The term and notion of “biracial” confirms a perception of “races”, resting as it does on the acceptance of the existence, in some form, of two distinct “somethings” (races) that give rise to a combination. At the same time, paradoxically, it also adds confusion to the apparent certainty of race existence – what meaning can “race” have if it is so easily undermined through the creation of a totally new racial group or of a person who straddles “races”? Can we then have an infinite number of “races” through the infinitely various combinations of union that are possible?

In America, “biracial” challenges the “one drop of blood rule” that for so long turned the offspring of a dilution of the hegemonic notion “white” into “black”, and not into “biracial”, or into “Coloured” as was the case in South Africa. In the strange world of race thinking, and of racism and “race” or racist power, one drop could not, ever, turn “black” into “white”. This rule came to be accepted and then supported by black Americans as well, for a number of reasons.

In academic research and writing, the area of “race mixing” seems to be gaining in popularity. As Parker and Song note, “Of course racial mixture is nothing new – it has been the history of the world. What stands out as novel are the forms of political contestation gathering around the topic of ‘mixed race’” (2001:1). Paul Spickard (2001) refers to the “boom in biracial biography”. Charmaine Wijeyesinghe (2001:129) writes that “Multiracial identity is the newest chapter in the evolving field of racial identity development. The heightened interest in the experience of Multiracial people is fuelled by changing social demographics, an increasing number of Multiracial people who identify with their racial ancestries, and the emergence of groups advocating the rights of Multiracial people”. Interest in this aspect of social life was also illustrated by the appearance of a second edition, in 2002, of Barbara Tizard and Ann Phoenix’s Black, White or Mixed Race? Race and Racism in the Lives of Young People of Mixed Parentage, first published in 1993.In South Africa, too, several contributions in the field of “mixed race” identity include an edited collection by Zimitri Erasmus (2001) and an article by Jane Battersby (2003).

“Bi-racialism”, “hybridity”, “cross-racial”, “mulatto”, “coloured”, and so on, are terms that in different contexts signify an unnatural “mixing of blood” – in other words, moving beyond what is usually socially acceptable. The investigations that are reported on in books on this topic are of cases that need to be examined because of the disturbance it implies to the certainty of “race” categories, ripples on the smooth surface of the pond of race thinking. Of course, earlier, studies of the same social phenomenon set out to prove the horrors that arose from such mixing, the taint and the supposed mental and physical deficiencies that were to be the inevitable destiny of such people, the tragedies that befell them!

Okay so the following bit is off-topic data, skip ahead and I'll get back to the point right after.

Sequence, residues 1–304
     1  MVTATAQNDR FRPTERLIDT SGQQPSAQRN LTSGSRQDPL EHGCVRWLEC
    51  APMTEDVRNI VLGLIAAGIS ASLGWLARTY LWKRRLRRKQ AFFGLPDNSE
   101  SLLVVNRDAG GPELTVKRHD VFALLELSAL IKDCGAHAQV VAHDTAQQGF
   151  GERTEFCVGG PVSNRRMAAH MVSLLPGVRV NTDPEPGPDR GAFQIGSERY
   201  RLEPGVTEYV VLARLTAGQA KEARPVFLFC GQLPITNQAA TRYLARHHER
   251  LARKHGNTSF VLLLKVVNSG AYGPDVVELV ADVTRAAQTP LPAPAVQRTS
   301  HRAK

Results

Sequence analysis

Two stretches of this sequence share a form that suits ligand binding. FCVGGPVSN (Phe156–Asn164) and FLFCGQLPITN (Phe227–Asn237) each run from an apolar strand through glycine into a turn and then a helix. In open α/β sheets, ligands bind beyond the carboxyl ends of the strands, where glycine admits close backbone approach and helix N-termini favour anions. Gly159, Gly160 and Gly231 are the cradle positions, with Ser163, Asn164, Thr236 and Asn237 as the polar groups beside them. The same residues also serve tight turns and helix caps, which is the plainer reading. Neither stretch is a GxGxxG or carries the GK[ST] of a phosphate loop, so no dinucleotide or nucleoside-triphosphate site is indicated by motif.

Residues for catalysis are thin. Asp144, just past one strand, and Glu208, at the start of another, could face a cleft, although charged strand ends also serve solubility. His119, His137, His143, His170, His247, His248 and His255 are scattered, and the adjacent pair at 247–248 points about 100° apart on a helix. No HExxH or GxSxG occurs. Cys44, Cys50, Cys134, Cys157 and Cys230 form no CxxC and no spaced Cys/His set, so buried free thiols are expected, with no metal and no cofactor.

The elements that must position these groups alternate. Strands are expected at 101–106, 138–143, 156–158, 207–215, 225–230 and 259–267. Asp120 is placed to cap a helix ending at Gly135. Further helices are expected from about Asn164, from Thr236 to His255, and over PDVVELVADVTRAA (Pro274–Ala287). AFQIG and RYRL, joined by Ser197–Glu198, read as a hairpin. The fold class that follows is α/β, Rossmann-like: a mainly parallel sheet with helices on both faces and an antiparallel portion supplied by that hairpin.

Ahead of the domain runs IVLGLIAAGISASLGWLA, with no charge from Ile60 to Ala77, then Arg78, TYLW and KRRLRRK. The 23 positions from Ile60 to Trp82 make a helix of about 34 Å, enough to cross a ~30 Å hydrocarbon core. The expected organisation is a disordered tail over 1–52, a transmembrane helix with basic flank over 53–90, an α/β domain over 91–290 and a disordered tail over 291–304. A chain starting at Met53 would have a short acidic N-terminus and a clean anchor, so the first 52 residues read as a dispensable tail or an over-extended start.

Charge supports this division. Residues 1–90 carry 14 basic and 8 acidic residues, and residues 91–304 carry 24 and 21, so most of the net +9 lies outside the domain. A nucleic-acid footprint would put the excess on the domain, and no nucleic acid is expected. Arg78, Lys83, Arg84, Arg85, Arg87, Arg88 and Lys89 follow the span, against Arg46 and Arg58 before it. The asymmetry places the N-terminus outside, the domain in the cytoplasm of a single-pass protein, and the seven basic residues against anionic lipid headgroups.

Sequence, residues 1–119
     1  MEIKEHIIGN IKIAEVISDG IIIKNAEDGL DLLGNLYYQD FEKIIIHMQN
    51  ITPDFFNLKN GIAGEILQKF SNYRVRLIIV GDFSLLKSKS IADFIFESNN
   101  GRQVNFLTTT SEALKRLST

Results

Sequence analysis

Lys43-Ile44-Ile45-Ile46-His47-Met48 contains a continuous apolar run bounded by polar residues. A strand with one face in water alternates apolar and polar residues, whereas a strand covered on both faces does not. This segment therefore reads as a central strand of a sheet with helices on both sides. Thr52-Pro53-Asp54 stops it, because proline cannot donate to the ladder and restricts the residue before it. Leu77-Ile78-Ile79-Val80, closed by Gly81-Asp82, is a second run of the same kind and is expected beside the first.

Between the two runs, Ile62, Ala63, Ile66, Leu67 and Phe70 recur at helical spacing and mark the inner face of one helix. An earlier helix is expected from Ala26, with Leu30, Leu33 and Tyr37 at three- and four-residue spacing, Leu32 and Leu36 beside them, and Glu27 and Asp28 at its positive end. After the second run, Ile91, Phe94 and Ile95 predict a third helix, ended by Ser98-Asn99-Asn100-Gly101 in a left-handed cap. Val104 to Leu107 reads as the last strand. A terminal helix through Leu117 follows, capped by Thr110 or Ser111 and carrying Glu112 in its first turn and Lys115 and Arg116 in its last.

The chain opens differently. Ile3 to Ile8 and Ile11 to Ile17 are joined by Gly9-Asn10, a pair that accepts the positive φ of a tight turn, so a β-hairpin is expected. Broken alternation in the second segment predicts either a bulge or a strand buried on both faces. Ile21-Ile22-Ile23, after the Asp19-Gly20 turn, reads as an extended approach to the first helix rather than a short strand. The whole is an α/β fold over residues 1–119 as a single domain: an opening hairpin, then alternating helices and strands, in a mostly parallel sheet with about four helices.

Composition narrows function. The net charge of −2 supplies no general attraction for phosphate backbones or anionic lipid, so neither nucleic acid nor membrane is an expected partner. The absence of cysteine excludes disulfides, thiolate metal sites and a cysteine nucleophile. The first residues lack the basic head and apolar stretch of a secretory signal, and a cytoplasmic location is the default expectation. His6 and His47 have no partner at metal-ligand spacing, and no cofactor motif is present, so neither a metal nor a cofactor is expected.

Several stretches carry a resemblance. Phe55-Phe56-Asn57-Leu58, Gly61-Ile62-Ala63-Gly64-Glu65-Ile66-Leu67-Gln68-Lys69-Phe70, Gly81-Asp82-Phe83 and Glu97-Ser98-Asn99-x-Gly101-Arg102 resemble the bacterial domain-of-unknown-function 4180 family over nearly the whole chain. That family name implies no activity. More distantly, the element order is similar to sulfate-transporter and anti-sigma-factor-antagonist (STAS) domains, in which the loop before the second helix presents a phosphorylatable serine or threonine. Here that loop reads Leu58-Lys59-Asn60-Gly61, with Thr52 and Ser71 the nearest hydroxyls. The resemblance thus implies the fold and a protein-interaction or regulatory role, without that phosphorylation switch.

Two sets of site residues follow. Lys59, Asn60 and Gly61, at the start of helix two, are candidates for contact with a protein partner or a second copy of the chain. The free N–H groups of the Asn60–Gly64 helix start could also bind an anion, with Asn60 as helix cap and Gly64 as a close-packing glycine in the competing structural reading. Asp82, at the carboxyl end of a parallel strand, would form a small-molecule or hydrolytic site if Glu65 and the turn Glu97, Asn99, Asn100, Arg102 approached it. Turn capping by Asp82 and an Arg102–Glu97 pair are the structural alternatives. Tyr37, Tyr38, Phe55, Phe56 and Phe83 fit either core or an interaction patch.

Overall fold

As Zimitri Erasmus comments on “mixture”: “There is no such thing as the Black ‘race’. Blackness, whiteness and colouredness exist, but they are cultural, historical and political identities. To talk about ‘race mixture’, ‘miscegenation’, ‘inter-racial’ sex, and ‘mixed descent’ is to use terms and habits of thought inherited from the very ‘race science’ that was used to justify oppression, brutality and the marginalisation of ‘bastard people’“ (Erasmus (ed) 2001: Editor’s note)…

Read the entire article here.

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Crimes of ‘Blood’: A comparative analysis of South Africa’s Immorality Act (1927 & 1950) and Prohibition of Mixed Marriages Act (1949), and Miscegenation Laws in North America

Posted in Africa, Canada, Caribbean/Latin America, Law, Media Archive, South Africa, United States on 2009-10-19 20:58Z by Steven

Crimes of ‘Blood’: A comparative analysis of South Africa’s Immorality Act (1927 & 1950) and Prohibition of Mixed Marriages Act (1949), and Miscegenation Laws in North America

W.E.B. DuBois Insitute for African and African American Research at Harvard University
Date: Spring 2010

Zimitri Erasmus, Senior Lecturer in Sociology
University of Cape Town

This study compares the effects of Miscegenation Laws in 20th century North America with those of apartheid South Africa’s Immorality (1927 & 1950) and Prohibition of Mixed Marriages (1949) Acts. It draws on three sets of primary data: a) law reports of cases tried and sent for appeal – under various versions of the Immorality Act – before 1948 under the government of the Union of South Africa and after 1948, under the Apartheid government; b) House of Assembly and Senate Debates of the South African Parliament, under both the Union and Apartheid governments; and c) related Government Commission Reports. It also draws on already existing analyses of similar data from the North American experience to produce a comparative analysis of relevant laws in South Africa and North America.

The project examines the logic, procedures and socio-political effects of these key laws of Grand Apartheid. I ask four broad questions:

  • What can we learn from the North American body of knowledge on the administration of ‘interracial’ sex and marriage that might be of relevance to such administration in colonial and apartheid South Africa?
  • What is different about the South African case?
  • How does this difference contribute to knowledge in this field?
  • What does this comparative analysis offer in support of a critical literacy for the use of ‘race’?